$$T^{\alpha\beta} = (e + p)u^{\alpha}u^{\beta} + pg^{\alpha\beta}.$$

Assuming units where $c = 1$. As you have correctly pointed out

$$T^{00} = (e + p)u^{0}u^{0} - p = e,$$

where you have correctly shown $u^{0}u^{0} = 1$.

Now, the mistake comes from the way you have derived the four-velocity from the expression for the metric. The correct way to derive the four-velocity here is to first write the four-velocity as

$$u^{\alpha} = \frac{\mathrm{d}}{\mathrm{d}\tau}(x^{0}, x^{i})^{\mathsf{T}},$$

which gives

$$u^{0} = \frac{\mathrm{d}t}{\mathrm{d}\tau} = \gamma.$$

Then of course, in the fluid rest frame we get $(u^{0})^{2} = 1$ as before.

I hope this helps.


Edit. To address your comments:

For a particle with fixed spatial coordinates $x^{i}$, the interval elapsed as it moves forward in time is negative, $\mathrm{d}s^{2} = −\mathrm{d}t^{2} < 0$. This leads us to define the proper time via

$$\mathrm{d}\tau^{2} = -\mathrm{d}s^{2}.$$

The proper time elapsed along a trajectory through space-time will be the actual time measured by an observer on that trajectory. Some other observer, as we know, will measure a different time.

A path through space-time is specified by giving the four space-time coordinates as a function of some parameter, $x^{\mu}(\lambda)$, where typically for time-like paths the most convenient parameter to use is the proper time $\tau$. So we can write

$$\tau = \int \sqrt{-\mathrm{d}s^{2}} = \int \sqrt{-g_{\mu\nu}\frac{\mathrm{d}x^{\mu}}{\mathrm{d}\tau}\frac{\mathrm{d}x^{\nu}}{\mathrm{d}\tau}}\mathrm{d}\tau,$$

The tangent vectors $u^{\mu} = \mathrm{d}x^{\mu}/\mathrm{d}\tau$, are our four-velocities and these can be automatically normalised so we have

$$g_{\mu\nu}u^{\mu}u^{\nu} = u_{\mu}u^{\nu} = -1.$$

To convince your self of this you can consider the above expression in the fluid rest frame. Here, we have $\gamma = 1$ and $u^{i} = 0^{i}$. Thus, $u^{\mu} = (1, u^{i})^{\mathsf{T}}$. Now, again considering the rest frame of the fluid, we can clearly see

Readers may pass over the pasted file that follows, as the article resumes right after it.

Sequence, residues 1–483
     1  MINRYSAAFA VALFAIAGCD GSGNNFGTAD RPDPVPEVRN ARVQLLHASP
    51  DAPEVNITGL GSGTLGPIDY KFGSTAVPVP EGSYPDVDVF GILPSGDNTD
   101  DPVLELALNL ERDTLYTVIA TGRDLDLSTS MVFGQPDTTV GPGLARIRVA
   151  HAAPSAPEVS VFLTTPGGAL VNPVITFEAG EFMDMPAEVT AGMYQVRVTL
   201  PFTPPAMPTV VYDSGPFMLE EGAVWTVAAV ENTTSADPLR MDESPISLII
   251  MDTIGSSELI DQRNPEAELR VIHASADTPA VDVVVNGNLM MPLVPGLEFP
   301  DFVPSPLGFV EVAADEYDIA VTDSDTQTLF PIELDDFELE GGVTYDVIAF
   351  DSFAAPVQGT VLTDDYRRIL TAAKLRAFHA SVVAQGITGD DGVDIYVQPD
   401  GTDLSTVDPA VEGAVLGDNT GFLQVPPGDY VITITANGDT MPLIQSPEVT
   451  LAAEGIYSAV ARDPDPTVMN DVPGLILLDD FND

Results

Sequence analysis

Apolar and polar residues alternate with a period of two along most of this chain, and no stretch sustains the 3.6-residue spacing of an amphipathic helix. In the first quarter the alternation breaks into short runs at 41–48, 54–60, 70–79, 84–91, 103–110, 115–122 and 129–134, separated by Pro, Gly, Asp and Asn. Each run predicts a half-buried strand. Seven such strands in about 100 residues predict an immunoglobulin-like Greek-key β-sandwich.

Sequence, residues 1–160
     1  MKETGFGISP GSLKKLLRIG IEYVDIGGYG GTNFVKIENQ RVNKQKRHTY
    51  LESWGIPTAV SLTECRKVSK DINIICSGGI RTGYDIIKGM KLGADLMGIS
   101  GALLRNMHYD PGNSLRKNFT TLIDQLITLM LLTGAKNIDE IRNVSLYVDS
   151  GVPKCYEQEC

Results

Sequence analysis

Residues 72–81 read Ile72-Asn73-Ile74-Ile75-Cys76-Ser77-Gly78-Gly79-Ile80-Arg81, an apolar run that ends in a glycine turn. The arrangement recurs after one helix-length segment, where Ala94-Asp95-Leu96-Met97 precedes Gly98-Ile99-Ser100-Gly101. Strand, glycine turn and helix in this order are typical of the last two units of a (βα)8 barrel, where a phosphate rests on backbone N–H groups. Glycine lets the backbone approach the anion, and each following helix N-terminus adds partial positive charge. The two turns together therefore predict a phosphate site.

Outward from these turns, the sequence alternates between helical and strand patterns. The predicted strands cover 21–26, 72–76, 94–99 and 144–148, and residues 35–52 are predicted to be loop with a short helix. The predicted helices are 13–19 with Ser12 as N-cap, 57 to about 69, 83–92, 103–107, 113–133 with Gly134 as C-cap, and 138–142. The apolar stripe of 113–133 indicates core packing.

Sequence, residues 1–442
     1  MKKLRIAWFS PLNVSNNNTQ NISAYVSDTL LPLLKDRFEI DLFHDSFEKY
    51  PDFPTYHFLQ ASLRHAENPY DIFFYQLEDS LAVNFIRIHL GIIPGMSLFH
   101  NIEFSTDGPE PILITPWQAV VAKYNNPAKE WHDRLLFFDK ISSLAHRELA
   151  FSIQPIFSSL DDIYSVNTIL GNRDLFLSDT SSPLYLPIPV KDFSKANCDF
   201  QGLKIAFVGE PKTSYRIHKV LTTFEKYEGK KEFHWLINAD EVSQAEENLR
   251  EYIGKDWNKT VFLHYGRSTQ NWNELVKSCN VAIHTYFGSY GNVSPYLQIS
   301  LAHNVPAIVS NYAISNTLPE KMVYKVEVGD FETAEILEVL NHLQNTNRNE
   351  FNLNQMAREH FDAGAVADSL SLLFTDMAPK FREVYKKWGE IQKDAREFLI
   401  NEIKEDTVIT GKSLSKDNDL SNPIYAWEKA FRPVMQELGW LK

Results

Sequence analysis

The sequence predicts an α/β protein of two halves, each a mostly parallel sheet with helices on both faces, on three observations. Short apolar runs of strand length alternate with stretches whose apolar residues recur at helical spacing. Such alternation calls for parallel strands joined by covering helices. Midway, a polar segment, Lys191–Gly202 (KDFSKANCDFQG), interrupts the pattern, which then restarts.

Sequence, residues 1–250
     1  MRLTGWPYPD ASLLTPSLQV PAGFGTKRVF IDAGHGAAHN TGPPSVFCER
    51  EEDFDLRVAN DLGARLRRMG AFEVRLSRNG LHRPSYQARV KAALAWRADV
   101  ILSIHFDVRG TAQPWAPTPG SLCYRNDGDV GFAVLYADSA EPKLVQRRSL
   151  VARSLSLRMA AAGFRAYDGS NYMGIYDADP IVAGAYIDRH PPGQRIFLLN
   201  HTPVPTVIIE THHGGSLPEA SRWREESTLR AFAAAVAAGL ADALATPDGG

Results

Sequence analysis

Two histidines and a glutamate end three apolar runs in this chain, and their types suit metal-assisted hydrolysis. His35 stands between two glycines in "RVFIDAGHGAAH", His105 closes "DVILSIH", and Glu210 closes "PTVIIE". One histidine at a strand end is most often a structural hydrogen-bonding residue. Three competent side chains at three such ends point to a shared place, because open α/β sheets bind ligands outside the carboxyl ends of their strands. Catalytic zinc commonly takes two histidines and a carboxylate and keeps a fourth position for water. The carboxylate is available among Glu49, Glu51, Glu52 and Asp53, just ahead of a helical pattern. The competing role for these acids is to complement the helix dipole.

$$u^{0}u^{0} = 1.$$

Again, I hope this helps.

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In your notations can you define what is $\tau$ in my notations (as a function of $s$ or/and $t$) –  Vincent May 5 '13 at 15:01
    
$\tau$ is the proper-time. Time measured in the rest frame of the fluid. It is defined as $\mathrm{d}\tau^{2} = \mathrm{d}S^{2}/c^{2}$. –  Killercam May 5 '13 at 15:07
    
Thanks. And what is the notation $(x^0, x^i)^T$ ? –  Vincent May 5 '13 at 15:08
1  
The four-velocity as I have written it is contravariant. Contravaient vectors are usually written as column vectors. So, to make a vector represented by a row $(x, y, z)$ represent a contravariant/column vector, we take the transpose. This is very pedantic on my part, but something I always like to do when writing vectors in this way. For more about Covariance and contravariance see Wikipedia. –  Killercam May 5 '13 at 15:35
    
Oh, ok, I do not see this as pedantic but completely justified. But I still do not understand from where comes the minus between $\frac{dx^0}{d\tau}$ and $-\frac{dt}{d\tau}$ because for me $x^0=t$ (so when I write $g_{00}dx^{0}dx^{0}$ I get $-c^2dt^2$). –  Vincent May 5 '13 at 15:44